It’s pretty safe to say that one of the things many people around the globe have missed the most in the past year has been the opportunity to travel and discover new places. But what is the actual future of the travel industry? And, will mass tourism resume any time soon? We asked Todd Handcock of Collinson to weigh in..
With COVID-19 still affecting free movement and the first vaccination campaigns currently being implemented in different regions, we are all wondering when it will be possible to leisurely hop on a plane and obsessively complain about jet lag again (yes, that too).
We spoke to Todd Handcock, President, Asia Pacific of Collinson, the travel experiences company that owns the luxury Priority Pass lounges and the largest lounge network in the world, about his predictions on the future of the travel industry and the people behind one of the most affected sectors anywhere in the world.
When do you see the global travel industry fully recovering after the pandemic?
As we look forward to what 2021 may bring, I think it’s fair to say that most of us are excited about the prospect of widespread vaccine distribution and the end of the pandemic. However, there’s still a complex road ahead of us. Every country will have its own vaccination journey, and when you add travel into the equation, there will also need to be clear and agreed protocols in place for countries to be able to verify vaccination records from overseas travellers. Countries won’t be ready to loosen travel bans and quarantine periods until they can trust the health data. This is why collaboration between governments, the travel industry and wider businesses remains critical – in order to set-up an effective infrastructure that enables the long-term, safe return of global travel.
The past year has brought new innovations to travel, in an extremely short time frame. Within just a few months, we saw the launch of airport testing initiatives, like the pre-flight airport testing Collinson has set up at the UK’s Heathrow, Stansted, Luton, Manchester and East Midlands airports. There are also digital health passport trials like CommonPass, which will continue to play an important role in verifying testing and possibly vaccination records. The future of travel won’t look exactly like it used to, but we’re hopeful that a safe and effective recovery isn’t too far off!
Do you think it will happen by region or continent?
Every region, and even country, will have its own path to travel recovery. Even now, travel looks very different across the world. The United States saw a surge of Christmas travellers with over 1 million people passing through airport security checkpoints, while around that same time, just across the Atlantic, the UK found itself cut off from over 40 countries worldwide.
Here in Asia Pacific, we’re leading the way in terms of exploring safe and effective travel bubbles, but the unpredictable rise and fall in case numbers has impacted these. Though many will have been disappointed to see the Hong Kong x Singapore bubble put on hold, health and safety must come first.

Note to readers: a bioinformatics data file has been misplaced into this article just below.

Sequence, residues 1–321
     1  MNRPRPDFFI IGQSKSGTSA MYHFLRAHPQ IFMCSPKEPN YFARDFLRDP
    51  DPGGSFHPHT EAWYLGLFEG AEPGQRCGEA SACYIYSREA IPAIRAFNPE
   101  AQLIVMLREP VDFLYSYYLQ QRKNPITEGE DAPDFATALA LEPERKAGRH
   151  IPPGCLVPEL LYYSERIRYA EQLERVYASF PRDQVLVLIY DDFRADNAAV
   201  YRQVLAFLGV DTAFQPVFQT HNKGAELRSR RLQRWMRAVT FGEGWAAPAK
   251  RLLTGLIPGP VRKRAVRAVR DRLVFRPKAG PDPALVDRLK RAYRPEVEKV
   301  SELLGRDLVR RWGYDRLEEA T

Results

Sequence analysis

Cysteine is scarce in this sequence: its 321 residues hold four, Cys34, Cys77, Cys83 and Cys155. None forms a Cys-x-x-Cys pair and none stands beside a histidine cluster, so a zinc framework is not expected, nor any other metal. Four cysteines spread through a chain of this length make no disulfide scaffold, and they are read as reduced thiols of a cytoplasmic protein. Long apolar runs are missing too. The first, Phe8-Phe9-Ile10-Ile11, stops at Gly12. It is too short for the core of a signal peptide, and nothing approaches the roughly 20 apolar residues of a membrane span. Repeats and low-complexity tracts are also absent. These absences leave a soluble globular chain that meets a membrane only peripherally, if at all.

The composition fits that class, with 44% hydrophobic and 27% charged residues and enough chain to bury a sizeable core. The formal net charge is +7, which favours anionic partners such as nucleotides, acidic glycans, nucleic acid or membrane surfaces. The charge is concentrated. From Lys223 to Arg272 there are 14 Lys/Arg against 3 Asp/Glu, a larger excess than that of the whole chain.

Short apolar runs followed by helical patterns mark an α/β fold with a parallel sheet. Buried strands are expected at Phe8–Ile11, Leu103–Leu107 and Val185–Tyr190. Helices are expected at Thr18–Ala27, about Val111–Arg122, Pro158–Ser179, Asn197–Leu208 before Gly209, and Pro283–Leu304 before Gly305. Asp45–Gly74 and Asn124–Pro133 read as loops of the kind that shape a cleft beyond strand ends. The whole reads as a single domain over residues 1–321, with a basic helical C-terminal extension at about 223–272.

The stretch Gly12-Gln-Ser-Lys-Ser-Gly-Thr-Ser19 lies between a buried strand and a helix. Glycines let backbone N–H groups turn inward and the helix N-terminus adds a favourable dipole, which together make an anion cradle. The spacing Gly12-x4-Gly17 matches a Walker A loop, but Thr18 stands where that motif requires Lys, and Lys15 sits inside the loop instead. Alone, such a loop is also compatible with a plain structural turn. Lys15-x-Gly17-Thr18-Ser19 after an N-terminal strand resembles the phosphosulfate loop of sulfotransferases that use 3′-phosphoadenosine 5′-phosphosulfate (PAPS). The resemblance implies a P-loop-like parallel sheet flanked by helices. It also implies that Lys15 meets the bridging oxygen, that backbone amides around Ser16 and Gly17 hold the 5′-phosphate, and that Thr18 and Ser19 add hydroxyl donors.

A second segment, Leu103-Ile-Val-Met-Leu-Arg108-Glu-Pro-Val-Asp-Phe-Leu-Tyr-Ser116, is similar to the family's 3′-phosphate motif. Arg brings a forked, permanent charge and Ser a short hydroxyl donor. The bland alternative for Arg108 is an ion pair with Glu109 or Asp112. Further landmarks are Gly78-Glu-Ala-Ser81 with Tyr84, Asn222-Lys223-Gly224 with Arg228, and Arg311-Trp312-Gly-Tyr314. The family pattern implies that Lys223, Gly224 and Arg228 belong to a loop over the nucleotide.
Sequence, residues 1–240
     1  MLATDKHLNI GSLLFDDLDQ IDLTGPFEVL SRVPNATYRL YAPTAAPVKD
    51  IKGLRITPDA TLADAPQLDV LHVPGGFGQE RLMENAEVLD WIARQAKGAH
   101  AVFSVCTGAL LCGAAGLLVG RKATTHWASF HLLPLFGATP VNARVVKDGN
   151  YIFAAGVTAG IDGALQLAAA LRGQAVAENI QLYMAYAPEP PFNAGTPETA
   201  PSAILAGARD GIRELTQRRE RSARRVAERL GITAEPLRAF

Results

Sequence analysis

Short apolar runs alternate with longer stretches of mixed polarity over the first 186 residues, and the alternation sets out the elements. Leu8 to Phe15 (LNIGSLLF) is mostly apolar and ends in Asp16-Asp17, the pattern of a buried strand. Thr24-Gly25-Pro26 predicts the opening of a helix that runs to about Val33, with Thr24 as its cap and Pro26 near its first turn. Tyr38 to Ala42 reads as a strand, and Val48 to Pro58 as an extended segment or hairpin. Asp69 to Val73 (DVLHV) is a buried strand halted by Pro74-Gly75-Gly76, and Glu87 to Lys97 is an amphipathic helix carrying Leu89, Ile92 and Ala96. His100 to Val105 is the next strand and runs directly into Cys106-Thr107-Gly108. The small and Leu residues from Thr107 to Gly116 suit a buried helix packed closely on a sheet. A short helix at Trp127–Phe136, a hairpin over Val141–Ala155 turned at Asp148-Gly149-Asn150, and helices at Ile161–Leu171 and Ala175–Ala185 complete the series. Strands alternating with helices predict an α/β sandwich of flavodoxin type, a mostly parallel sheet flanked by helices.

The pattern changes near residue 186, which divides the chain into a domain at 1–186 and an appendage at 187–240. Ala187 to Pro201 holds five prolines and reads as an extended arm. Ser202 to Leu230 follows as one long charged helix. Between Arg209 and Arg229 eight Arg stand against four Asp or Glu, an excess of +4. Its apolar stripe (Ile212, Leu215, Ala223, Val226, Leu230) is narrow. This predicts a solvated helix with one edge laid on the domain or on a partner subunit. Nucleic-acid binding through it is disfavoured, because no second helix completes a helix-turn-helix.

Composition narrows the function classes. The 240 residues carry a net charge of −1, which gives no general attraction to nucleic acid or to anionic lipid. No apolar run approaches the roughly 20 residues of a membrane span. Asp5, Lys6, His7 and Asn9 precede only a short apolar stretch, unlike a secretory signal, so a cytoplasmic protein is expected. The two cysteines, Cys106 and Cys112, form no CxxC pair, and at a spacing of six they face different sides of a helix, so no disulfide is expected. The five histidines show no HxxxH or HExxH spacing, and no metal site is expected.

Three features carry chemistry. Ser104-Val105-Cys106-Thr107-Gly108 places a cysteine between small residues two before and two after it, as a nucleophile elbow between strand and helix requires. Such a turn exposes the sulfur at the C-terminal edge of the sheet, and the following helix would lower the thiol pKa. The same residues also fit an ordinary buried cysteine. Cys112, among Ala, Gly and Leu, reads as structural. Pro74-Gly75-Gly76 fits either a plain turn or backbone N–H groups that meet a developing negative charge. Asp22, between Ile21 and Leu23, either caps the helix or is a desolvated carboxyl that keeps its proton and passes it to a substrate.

I’m excited to see more opportunities for testing in Asia Pacific to get people flying again and safely reduce or eliminate quarantine periods. Our region is home to some of the most voracious travellers anywhere in the world. Travel is key to how we do business and how we spend our free time. Certainly in a place like Hong Kong, we all know too well by now – we can’t simply hop in the car or on board a domestic flight. Testing will help enable Asia’s travel lovers to get back to doing what they love, while we await the positive impact of the vaccine.
Can you share with us your predictions on the future of travel industry?
The travel recovery won’t be immediate…but I do think it will be better than ever before.
One reason is that not being able to travel has made us appreciate the ability to do so – and what it affords us – more than ever before. Be it exploring new countries and experiencing different cultures, or spending time with loved ones, I believe we’ll each love the journey that bit more.
The other being that the travel industry was ripe for innovation pre-COVID, and I can see a continuation and expansion of changes we’re already seeing to the travel experience. In many senses, COVID has been the catalyst for the industry to evolve. When travellers return, they’ll get more robust health and safety measures, along with a better all-around journey that’s designed to meet their needs – think pre-booked security time slots to avoid the queue; new artificial intelligence (AI) tools that speed along the check-in process; and digital solutions that let travellers order food, book a lounge space and shop for duty-free products – all from the convenience of their smartphone.
Airports are increasingly becoming destinations in themselves – think Changi’s ‘Jewel’. Thanks to COVID, we’ll see a renewed focus on enhancing the end-to-end travel experience, focused holistically on wellness, comfort, safety, leisure, entertainment and so on.
How has the pandemic impacted travel and tourism?